Two things attracted me to the violin when I was eight - vibrato, and the beauty of sliding from pitch to pitch - also known as "glissando." Those techniques caught my ear in the subtle ways in which they altered the shape of the sound and the music. When I tried to slide, however, my rhythm, sound, and intonation suffered.
My ear heard a lovely, gentle transition and, unfortunately, my left hand and bow arm turned to mush.
A glissando needs conviction and continuity. If the slide causes the left hand foundation falls apart, it won't work. It's important to maintain the foundation, then slightly modify it to create the proper conditions for the slide. Nuance, structure, and strength work hand-in-hand. Here are some ideas for producing beautiful glissandos while keeping a safe and sound foundation.
Smooth Sliding and Bowing
Bumping up and down the fingerboard is neither graceful nor rhythmic. To avoid that, lay the groundwork for the slide by being aware of the whole steps and half steps within the shift. After that, a little imagination shows the distance as pure space, simply an arc, like a rainbow with perfect proportions.
Slides and Shifts Are Almost the Same Thing
A beautiful glissando should have all the same ingredients as a straight-forward shift. The main difference is that the slide is slightly slower. Feeling the similarities makes it easier, rather than thinking about a series of technical hoops you have to jump through.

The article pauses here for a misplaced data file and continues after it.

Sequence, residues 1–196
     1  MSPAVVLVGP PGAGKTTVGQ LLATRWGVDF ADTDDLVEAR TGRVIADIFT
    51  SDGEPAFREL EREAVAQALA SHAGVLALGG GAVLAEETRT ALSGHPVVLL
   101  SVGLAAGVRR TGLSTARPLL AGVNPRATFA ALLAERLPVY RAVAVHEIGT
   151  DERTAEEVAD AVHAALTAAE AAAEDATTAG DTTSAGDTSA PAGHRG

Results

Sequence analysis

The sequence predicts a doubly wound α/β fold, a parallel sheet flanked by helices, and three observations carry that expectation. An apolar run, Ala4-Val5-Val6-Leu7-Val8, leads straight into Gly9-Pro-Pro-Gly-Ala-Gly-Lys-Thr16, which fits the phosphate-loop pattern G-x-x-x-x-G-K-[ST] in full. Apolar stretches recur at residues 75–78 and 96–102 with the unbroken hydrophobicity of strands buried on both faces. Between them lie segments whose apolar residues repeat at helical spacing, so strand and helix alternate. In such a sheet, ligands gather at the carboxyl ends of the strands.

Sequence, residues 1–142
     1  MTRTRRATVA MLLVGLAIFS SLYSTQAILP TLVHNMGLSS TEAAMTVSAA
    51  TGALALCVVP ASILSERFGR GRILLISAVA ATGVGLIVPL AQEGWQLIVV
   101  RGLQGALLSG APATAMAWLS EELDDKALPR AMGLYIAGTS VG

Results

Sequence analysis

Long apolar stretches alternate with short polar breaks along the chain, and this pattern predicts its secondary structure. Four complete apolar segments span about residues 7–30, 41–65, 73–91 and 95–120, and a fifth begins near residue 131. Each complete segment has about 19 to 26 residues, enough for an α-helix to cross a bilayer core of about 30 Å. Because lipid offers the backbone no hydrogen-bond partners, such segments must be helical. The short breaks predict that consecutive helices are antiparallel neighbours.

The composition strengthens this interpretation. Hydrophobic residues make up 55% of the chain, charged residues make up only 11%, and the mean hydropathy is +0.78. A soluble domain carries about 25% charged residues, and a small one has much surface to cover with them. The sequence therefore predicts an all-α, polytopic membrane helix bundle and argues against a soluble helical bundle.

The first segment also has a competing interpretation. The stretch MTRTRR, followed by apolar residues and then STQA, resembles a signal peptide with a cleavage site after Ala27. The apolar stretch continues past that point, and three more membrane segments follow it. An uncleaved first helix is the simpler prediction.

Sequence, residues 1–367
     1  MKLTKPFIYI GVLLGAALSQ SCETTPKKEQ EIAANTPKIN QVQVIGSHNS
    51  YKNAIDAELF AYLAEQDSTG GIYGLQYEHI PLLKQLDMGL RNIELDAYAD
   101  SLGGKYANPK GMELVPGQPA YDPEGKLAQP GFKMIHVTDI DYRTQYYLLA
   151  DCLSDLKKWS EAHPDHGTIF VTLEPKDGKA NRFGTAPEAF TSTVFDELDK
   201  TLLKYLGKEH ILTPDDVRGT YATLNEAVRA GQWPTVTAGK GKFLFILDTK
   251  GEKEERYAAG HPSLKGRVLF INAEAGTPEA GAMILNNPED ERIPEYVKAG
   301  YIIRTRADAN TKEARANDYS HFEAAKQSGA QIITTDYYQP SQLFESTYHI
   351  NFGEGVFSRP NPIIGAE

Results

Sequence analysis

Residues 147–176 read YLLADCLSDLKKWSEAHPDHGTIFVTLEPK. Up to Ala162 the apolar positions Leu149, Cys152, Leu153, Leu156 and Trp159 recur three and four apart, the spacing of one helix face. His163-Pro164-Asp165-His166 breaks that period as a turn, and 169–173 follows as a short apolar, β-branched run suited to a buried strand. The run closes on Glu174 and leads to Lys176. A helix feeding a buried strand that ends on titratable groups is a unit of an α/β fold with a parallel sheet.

Concentrate on hearing only two pitches, the starting pitch and the ending pitch. As for the pitches in between, as long as the slide is smooth and the bow doesn’t accidentally accent, those numerous pitches will do no harm. (I marvel at the elegant physics that make the pitches in-between the first and the last of the slide non-obtrusive.)
Sometimes the slide can sound overdone and bottom-heavy, that is, you accent the bow and hear an obtrusive pitch in the middle of the slide. To avoid this, be careful to gloss lightly during the majority of the glissando and focus on the end of the slide as the expressive part. The closer to the note, the better.
The Left Hand’s Balance Board
Glissandos can weaken the balance that the hand needs to maintain while sliding - in fact, falling off the edge of the E string or G string side is not unheard of. To "stay on top of it," so to speak, try these guidelines:
Staying in the Groove
To avoid losing contact with the fingerboard during a slide, it is important to "stay in the groove," that is, to feel comfortable and secure with this movement while holding the violin. Here are two things to keep in mind that may help:
Pitches that are Clear and Obvious
Clarity is important to a successful glissando. Since there are so many pitches between the beginning and end of a slide, be aware of the following:
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